In the course of file your appeal, the preferred practice is to 1) write to the Board of Review and advise that you are appealing; 2) ask for a copy of the transcript and exhibits from the Hearing; and, 3) request 15 days from the date you received the transcript and exhibits to submit a Brief in support of your appeal. Of course, having the transcript and the exhibits is only helpful if you have sufficient legal training. That said, it is good practice in all cases to obtain same.

Remember that when you submit your Brief to the Board of Review, you are limited to discussing the testimony and evidence introduced at the hearing, as well as any legal issues that arise directly therefrom. Again, this is complex stuff, and you may want to consider retaining counsel.

A simpler option, although considerably less effective, is to simply write to the Board of Review, ask it to review the transcript, evidence and Referee Decision, and ask it to reverse the Referee. Doing this, however, eliminates your ability to point out weaknesses in the Decision, and can minimize or eliminate your ability to submit issues on further appeal to the Commonwealth Court of Pennsylvania.

Few Exceptions to 15-Day Deadline
Things to Remember Appealing and Unemployment Referee Decision in Pennsylvania

1) You have only 15 days from the date the Referee Decision is issued to appeal. There are no exceptions.

2) The most effective way of appealing a Referee Decision is to first obtain a copy of the transcript and exhibits of the Hearing.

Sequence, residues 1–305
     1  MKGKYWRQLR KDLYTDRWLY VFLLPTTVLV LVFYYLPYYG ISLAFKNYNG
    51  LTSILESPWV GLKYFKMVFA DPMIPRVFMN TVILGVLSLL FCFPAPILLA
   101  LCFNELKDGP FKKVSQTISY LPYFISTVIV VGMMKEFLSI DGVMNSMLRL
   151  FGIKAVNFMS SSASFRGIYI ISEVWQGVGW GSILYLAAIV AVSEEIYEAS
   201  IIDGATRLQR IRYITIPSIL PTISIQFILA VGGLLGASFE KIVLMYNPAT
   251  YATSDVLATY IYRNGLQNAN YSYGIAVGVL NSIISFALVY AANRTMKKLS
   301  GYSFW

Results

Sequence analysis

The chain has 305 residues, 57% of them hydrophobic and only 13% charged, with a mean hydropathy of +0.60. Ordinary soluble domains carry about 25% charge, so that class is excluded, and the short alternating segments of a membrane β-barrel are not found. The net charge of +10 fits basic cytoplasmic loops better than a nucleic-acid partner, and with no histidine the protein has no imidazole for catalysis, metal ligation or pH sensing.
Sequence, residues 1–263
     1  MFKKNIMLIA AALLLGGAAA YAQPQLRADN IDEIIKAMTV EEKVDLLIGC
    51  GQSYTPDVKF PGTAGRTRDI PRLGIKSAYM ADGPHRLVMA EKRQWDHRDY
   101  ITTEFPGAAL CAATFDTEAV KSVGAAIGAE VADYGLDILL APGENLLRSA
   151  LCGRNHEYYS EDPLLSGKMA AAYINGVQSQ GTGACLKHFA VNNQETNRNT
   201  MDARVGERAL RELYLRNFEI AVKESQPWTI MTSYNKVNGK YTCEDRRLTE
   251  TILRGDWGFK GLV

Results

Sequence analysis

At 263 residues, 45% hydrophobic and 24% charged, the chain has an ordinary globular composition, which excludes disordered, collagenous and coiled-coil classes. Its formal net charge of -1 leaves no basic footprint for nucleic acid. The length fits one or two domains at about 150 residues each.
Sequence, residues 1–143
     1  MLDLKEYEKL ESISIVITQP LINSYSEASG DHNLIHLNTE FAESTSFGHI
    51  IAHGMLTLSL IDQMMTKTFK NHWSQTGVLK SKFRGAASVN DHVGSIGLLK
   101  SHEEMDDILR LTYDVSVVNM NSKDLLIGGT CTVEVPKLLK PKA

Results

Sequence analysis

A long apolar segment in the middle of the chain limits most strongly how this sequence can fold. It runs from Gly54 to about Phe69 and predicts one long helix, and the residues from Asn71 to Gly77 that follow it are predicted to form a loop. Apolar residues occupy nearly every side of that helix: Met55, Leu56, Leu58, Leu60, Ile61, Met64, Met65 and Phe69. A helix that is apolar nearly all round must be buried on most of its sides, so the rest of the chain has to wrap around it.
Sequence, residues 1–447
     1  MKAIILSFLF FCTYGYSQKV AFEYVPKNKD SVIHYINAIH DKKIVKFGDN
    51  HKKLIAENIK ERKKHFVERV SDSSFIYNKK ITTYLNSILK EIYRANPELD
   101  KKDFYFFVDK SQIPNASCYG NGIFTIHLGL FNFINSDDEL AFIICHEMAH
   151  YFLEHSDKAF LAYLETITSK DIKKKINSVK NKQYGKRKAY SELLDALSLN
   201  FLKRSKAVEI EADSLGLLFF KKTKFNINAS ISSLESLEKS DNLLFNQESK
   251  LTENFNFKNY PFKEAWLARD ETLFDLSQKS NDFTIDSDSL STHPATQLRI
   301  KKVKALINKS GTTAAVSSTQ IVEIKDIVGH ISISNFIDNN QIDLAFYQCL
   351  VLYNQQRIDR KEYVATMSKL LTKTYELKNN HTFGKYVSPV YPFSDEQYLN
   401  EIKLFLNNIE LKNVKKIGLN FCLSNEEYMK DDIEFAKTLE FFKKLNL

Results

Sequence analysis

3) In your appeal, you do not get a new hearing, nor do you get an opportunity to introduce new testimony exhibits, or seek to exclude testimony or exhibits that were introduced during the Referee Hearing.
You Only Get One Bite at Apple
 to Make Record for Appeal
4) In your appeal, you will be limited to the issues raised for the Referee, and, if you omit any arguments on your appeal, you will be further limited before the next level of appellate jurisdiction, Pennsylvania’s Commonwealth Court. 

Philadelphia Area Willful Misconduct Lawyer Representing Employees

John A. Gallagher, Esquire
Representing Pennsylvania's Workforce Since 1991

John A. Gallagher is an employment lawyer who represents employees in Pennsylvania. 

John typically represents workers who need an employment lawyer in Philadelphia County, Chester County, Delaware County, Bucks County, Berks County, Lancaster County and Montgomery County.

Pennsylvania Unemployment Employment Attorney Provides Free Telephone Consultations (15 Minutes in Duration)

If you are looking for an unemployment lawyer, and live in Philadelphia, the Northeast, Newtown Square, Wayne, King of Prussia, West Chester, Downingtown, Lancaster, Reading, Doylestown, Phoenixville, Bryn Mawr, Blue Bell, Devon, Paoli, Berwyn, Strath Haven, Plymouth Meeting, Lower Gynedd, Exton, Nether Providence, Upper Providence, Springfield, Swarthmore, Lansdale or any of their surrounding towns, feel free to send me an e-mail or give me a call.  I am always glad to spend some time with people via a free telephone consultation.

John Will Spend 5-15 Minutes With You to Discuss Your Situation
at No Cost to You
Need an Experienced Lawyer for an Unemployment Hearing Before a Referee In Malvern, King of Prussia, Springfield, Bristol, Reading, Lancaster or Philadelphia?

Click Here if you have questions about any aspect of employment law, from wrongful termination, to wage and overtime claims, to discrimination and retaliation laws, to Family and Medical Leave

Click Here if you have questions about any aspect of Pennsylvania Unemployment Law, from willful misconduct, to voluntary quit, to Referee Hearings, to severance issues

Click Here to e-mail John directly; Mr. Gallagher has handled hundreds of Referee Hearings throughout Pennsylvania.